107,000 Voters in Georgia Were Just Purged for a Ridiculous Reason

If it walks like a duck and talks like a duck, it's probably trying to suppress your right to vote.

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ShutterstockERIK S. LESSER/EPA-EFE/REX/Shutterstock

You know when things happen IRL that seem too vile to be real? Like, you see it and think, "Man, there's no way anyone can be that awful and evil, no way." And then you realize that this is real life, not a movie, and these people are doing bad things and getting away with it? That's basically what's happening in Georgia right now—election officials in Georgia removed 107,000 voters from their voter rolls just because they opted not to vote in prior elections. This comes after Secretary of State, Brian Kemp, indefinitely suspended 53,000 voter applications.

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Brian Kemp, Georgia Secretary of State, in charge of deciding elections and voter registrations, just happens to be running for Governor against Stacey Abrams, the first African American woman nominated by a major party for Governor anywhere in America. Seriously. I'm not making this up.

Georgia officials, why are you acting brand new? It's almost like they don't think we can see this happening in front of our very eyes. If it walks like a duck and talks like a duck, it's probably trying to suppress your right to vote.

The worst part? A majority of these people will have no idea of what's happened to them until they make their way to the polls and are in for a fun (like how a root canal is fun) surprise on November 6. Make sure you check your voter registration.

How is this legal, you ask? Georgia has a "use it or lose it law," according to an APM Reports analysis, which is a process for removing people from voter rolls if they don't vote, respond to a notice, or make contact with election officials over a three-year period. After those three years, those who don't vote or make contact can be purged from the voter rolls in two elections. This is Georgia state law, and is becoming more common in states with Republican leaders, with nine having enacted the same laws or ones similar.

Abrams and other voting rights groups have asserted that these types of laws and Kemp himself are systematically suppressing the right to vote for black and minority voters to influence the election in Kemp's favor. Of course, Kemp denies this vehemently, while covering up a shirt that says "I :heart: Voter Suppression." He was already implicated in an attempt to close seven of nine polling locations a majority-black rural county, and since 2012, Kemp's office has "cancelled" (read: suppressed) over 1.4 million voter registrations, and nearly 670,000 registrations in 2017 alone got the kibosh.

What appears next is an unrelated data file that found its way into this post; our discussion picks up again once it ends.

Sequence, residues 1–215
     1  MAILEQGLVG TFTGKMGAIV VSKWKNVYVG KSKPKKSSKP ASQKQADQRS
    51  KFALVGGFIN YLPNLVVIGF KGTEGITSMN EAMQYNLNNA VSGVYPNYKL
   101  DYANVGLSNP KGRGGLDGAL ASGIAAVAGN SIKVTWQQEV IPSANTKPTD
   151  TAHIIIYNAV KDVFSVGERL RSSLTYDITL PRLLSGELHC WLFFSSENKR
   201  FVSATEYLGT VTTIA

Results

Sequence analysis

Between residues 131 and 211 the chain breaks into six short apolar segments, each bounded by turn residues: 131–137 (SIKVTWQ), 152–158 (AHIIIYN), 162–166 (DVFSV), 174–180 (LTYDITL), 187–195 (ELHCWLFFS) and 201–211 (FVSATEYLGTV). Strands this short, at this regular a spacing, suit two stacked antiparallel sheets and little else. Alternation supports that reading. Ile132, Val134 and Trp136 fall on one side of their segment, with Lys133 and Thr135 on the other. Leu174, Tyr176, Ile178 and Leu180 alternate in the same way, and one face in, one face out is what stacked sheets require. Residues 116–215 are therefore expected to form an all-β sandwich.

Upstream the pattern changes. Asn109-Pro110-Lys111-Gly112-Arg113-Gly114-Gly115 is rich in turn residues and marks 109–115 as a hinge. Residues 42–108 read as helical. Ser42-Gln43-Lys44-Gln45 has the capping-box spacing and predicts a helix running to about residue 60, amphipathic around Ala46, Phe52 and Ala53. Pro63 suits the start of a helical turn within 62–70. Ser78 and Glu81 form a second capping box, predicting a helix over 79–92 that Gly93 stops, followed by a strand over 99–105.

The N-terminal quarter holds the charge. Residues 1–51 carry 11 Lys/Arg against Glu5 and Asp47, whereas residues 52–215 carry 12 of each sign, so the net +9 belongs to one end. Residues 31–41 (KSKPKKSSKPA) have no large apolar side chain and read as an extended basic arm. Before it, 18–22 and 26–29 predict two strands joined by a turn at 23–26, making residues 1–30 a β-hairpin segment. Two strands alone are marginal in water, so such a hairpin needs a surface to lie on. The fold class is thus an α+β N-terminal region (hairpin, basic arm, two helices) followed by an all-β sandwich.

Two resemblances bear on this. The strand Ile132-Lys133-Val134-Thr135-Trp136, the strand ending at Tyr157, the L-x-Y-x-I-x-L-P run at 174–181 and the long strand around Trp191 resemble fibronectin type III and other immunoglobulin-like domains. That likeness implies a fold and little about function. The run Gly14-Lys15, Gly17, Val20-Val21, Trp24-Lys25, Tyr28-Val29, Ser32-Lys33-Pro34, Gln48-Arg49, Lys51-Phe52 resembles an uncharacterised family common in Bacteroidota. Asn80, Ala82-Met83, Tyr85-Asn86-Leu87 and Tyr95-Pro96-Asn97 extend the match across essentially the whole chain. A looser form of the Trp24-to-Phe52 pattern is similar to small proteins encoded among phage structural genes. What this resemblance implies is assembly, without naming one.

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Kemp campaign spokesman Ryan Mahoney told AP in a statement that "it has never been easier to vote in our state". Uh, sure. "Exact Match" voting laws like the ones in place in Georgia that require your name and address match what is on your voter registration already disproportionally impact people of color and people of low-incomes. They're claim they're trying to fight voter fraud, something that rarely occurs except in the minds of Republicans looking for someone to blame for their loss.

This is the kind of election where 53,000 votes can actually have a true impact. This is the kind of election where it's too close to call, and we're three weeks away from Election Day. This is the kind of election where every vote counts.

Wherever you fall on your feelings on voter suppression and voter fraud, I only have one piece of advice: Vote. Seriously. Now more than ever, there's no tangible excuse for not voting. Just get out there and vote.

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From explainers to essays, cheat sheets to candidate analysis, we're breaking down exactly what you need to know about this year's midterms. Visit Marie Claire's Midterms Guide for more.

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